Halls, Tombs and Houses: Student Society Architecture at Dartmouth
VI. Greek-Letter Societies 1920-1940 | The brick second generation
The new houses were of brick, whether replacing a wooden ex-family homes that represent the first efforts of fraternities or starting anew on vacant lots. With the exception of the brick-ended Alpha Theta and the white-painted brick of Gamma Delta Chi, the new buildings were uniformly red brick with white trim and all could be called Georgian or Colonial in style. The first time a fraternity replaced its old house seems to be when Alpha Delta Phi (Alpha Delta) replaced its 1872 hall with an utterly dissimilar Georgian mansion facing west in the early 1920s. (The date is not clear, but a 1919 aerial photo shows that the old building has been demolished, and Barrett dates the new building to 1921.) Soon societies with houses they had once found entirely suitable were replacing the aging wooden buildings with brick ones at a great rate. Most of the old houses, as one-time family dwellings, had cramped staircases and too-small meeting rooms, and probably uneven foundations as well. The flurry of replacements came between 1925 and c.1931.
A list of houses that replaced their old buildings with new in this period would include Phi Sigma Kappa (Phi Tau), designed by D.W. Redfield; Theta Delta Chi, designed by Putnam & Chandler of Boston;146 Chi Phi (Heorot) (Fig. 31); Phi Gamma Delta (now occupied by Sigma Delta sorority) (Fig. 32); Sigma Chi (Tabard) (Fig. 33); Sigma Alpha Epsilon (Fig. 34); and Gamma Delta Chi. The last houses to follow this pattern were Gamma Delta Chi, Phi Gamma Delta, and Kappa Sigma (Chi Gamma Epsilon) (Fig. 35) in 1937.147 These houses mark the end of the red-brick revolution.
The few replacement buildings that were not of brick are worth mentioning: Theta Chi (now Alpha Theta) built a brick-ended clapboard house, and Sig Ep's remodeling of the Sherman House has already been described. Nor did all organizations replace their buildings, of course: Of the organizations in existence by 1920, those that continued to occupy their old wooden houses were Delta Kappa Epsilon, Phi Delta Theta, Alpha Kappa Kappa (medical), Delta Upsilon, and the Phi Psi (now Panarchy).
Webster Avenue exerted a powerful draw to the house-builders, as it was the closest and most prominent Hanover street with land still available. The shift that had begun slowly in 1896 accelerated rapidly in the 1920s when the College sold off the south side of the street, and this is when the "Fraternity Row" gained its current appearance (Fig. 36). A number of organizations convinced their memberships to relocate to this site, near similar institutions, and the administration seems to have approved. Sigma Nu, Delta Tau Delta (Bones Gate), Zeta Psi and the President's House all went up between 1925 and 1928. Only a small wooden house had occupied the south side of the street before this time. Kappa Kappa Kappa, as the first brick house on the row in 1925, took the last unoccupied lot on the north, a site the College had owned and never decided what to do with. Tri-Kap got the lot when the College acquired the fraternity's house tn order to build Silsby Hall on its site. Beta Theta Pi completed the south side of the street as it appears today (1931) and made visible the shift northward by selling its old house on Sanborn Lane, the final organization to arrive on Webster Avenue. Sites for perhaps three more buildings past the President's House remain on Webster Avenue.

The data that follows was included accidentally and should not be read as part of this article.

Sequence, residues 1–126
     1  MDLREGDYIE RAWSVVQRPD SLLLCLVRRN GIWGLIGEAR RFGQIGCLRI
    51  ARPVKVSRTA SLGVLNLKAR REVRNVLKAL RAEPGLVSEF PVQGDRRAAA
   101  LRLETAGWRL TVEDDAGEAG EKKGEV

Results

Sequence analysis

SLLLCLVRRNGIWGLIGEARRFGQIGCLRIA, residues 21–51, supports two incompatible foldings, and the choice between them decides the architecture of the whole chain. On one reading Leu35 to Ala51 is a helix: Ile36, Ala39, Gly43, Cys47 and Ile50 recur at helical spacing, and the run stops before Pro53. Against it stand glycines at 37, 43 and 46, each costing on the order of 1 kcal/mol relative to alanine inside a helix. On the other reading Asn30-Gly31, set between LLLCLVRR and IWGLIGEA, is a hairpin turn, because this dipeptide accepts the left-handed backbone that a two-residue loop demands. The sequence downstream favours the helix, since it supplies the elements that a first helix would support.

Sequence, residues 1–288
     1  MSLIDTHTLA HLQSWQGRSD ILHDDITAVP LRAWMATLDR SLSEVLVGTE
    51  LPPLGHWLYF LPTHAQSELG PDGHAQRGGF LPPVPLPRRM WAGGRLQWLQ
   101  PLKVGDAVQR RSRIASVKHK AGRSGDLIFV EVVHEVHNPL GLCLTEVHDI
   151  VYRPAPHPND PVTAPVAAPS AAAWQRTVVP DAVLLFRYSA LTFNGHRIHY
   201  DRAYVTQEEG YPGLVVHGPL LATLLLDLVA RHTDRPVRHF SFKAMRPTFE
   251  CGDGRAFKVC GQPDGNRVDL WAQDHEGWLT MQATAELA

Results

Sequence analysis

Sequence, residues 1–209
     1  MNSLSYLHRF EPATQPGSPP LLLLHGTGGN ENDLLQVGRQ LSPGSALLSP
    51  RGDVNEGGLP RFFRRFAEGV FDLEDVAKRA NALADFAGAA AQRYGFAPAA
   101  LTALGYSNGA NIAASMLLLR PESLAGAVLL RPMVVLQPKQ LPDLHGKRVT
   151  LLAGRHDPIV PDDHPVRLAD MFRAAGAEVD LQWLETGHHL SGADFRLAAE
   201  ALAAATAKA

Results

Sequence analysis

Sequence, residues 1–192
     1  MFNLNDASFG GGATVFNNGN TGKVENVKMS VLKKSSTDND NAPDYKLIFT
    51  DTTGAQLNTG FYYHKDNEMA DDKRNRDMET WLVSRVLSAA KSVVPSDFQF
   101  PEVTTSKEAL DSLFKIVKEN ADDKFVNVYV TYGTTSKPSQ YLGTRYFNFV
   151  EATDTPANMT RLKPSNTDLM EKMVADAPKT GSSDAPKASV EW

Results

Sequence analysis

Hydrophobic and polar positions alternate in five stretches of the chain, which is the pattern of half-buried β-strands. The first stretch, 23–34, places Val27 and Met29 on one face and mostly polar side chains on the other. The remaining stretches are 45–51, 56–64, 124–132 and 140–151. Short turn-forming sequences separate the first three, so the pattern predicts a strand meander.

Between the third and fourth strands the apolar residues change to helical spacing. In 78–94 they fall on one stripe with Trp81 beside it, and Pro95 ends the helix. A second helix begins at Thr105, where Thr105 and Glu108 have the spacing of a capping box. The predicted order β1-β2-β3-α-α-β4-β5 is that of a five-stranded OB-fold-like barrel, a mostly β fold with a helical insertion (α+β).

Though national IFC architect Oswald Hering argued that the fraternity house should unmistakably appear as a "dwelling and meeting place of members of secret and fraternal order,"148 the exteriors of Dartmouth's buildings appeal instead to the image of the mansion. They use style, scale, and siting to claim a level of grandeur unavailable in their previous homes. Hering thought that Greek revival architecture was the most suited to fraternities, but the houses at Dartmouth use a neo-Georgian red brick with white trim almost exclusively. The buildings are notable for their homogenaeity, and neighbors Beta and Zete are even confusingly similar in their front facades and interior plans. The buildings are generally simple in decoration, concentrating their details at the entrance doorway or portico. Some draw on old Southern plantation architecture as Sigma Nu did in its 1925 Larson & Wells building (Fig. 37), borrowing from Virginia's c.1725 Stratford Hall149 as filtered through the 1896 Robert W. Cumming Residence in Newark, N.J. by McKim, Mead & White150 (Fig. 38). Some, such as the Kappa Kappa Kappa house, are even simpler. That building has an entrance pavilion off-center at its west end; three windows illuminate its main room.; the Corinthian order of the pair of columns supporting the entrance portico shows a degree of pretense unmatched by the rest of the house. Like most of the new buildings, this one stands back from the street behind a lawn, allowing it to command more territory and be approached from a greater distance.